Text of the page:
Visit to Poet Hill and Sajik Park in Seoul
When I launched the World According to Cosmos, my original intention was to have 60 percent of the site devoted to poetry, and fiction, 30 percent devoted to political rants and observations, and 10 percent devoted to travelogues. This is my second travelogue entry. I have a lot more plans over the next few weeks. Been saving them up. this one is about my recent trip to Poet’s Hill in Seoul and Sajik Park also in Seoul.
Visit to Poet Hill, and Sajik Park, Seoul Korea
“Wishing not to have
so much as a speck of shame
toward heaven until the day I die,
I suffered, even when the wind stirred the leaves.”
For most Koreans, whether young or old, the first verses of the late poet Yun Dong-ju’s famous poem “Foreword” are as familiar as the innumerable accounts of the dark period of Korean history during which they were birthed.
I took a trip the other day to the Poet’s Hill which celebrates the life of the late poet, Yun Dongju who died in a Japanese prison in 1945 at the age of 26. His crime? Writing poetry in Korean calling for Korean independence. For that he was arrested, and tortured to death in the waning days of the Japanese occupation.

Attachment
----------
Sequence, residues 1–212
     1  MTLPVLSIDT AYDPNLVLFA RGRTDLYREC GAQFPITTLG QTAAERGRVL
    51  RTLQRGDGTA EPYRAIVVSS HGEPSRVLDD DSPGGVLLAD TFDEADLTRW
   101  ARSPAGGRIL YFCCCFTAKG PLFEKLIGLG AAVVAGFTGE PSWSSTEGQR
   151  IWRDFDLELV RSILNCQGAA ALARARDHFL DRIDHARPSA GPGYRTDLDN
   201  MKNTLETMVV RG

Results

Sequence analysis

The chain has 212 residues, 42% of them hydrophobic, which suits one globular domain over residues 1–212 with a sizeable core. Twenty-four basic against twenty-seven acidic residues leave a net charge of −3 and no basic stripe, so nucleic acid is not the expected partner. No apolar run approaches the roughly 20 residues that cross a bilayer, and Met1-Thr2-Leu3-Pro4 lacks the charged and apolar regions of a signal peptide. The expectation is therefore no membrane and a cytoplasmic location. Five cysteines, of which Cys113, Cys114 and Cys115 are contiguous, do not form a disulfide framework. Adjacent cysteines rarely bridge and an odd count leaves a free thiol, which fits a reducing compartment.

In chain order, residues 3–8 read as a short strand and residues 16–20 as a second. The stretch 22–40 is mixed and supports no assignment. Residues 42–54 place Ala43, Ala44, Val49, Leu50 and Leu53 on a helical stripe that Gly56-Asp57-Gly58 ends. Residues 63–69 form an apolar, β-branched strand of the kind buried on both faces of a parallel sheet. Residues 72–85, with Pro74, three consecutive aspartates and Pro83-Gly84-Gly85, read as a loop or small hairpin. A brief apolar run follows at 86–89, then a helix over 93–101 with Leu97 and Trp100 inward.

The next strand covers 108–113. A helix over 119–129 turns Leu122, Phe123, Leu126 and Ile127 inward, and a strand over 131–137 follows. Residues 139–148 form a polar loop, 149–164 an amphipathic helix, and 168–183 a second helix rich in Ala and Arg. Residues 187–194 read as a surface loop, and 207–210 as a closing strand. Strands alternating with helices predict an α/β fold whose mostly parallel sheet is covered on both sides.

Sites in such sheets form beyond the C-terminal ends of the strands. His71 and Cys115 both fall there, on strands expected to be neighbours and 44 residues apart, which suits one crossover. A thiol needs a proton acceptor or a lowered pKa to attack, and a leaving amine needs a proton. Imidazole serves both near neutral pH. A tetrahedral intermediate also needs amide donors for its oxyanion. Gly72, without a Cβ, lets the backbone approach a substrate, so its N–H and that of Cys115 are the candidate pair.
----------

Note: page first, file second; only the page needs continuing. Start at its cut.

The poet’s hill is located near the Blue house on the way to Ikwangsan mountain. There is a nice museum there and behind the museum a walk through the hills that look the same as when he lived in the neighborhood and wrote his most famous poems.
From there one can walk into Ikwangsan mountain park. There is a nice walk nearby that takes you into a shaman village filled with shamanistic shrines and the home of fortune tellers to this day.
That day we walked from the Poet’s hill along Ikwangsan to Sajik park. A total of 2 miles or so. It was a cold day in January but a brisk walk did us good. we saw frozen waterfalls along the way.
Duane Voorhees, the publisher of Poetree, published translations of his poems a while back. Here’s the link that Duane provided me.
from the Poet’s Park we walked about two miles to Sajik park. Sajik Park was where the King led annual rituals in the Spring for the success of the harvest. The park was abandoned during the Japanese era but was rebuild in the 1980’s and they revived the ancient rituals starting on foundation day in 1988 and then on the first day of the spring according to the ancient lunar calendar. I hope to see that next Spring time. RAS does an annual trip to watch the rituals which are broadcast on life TV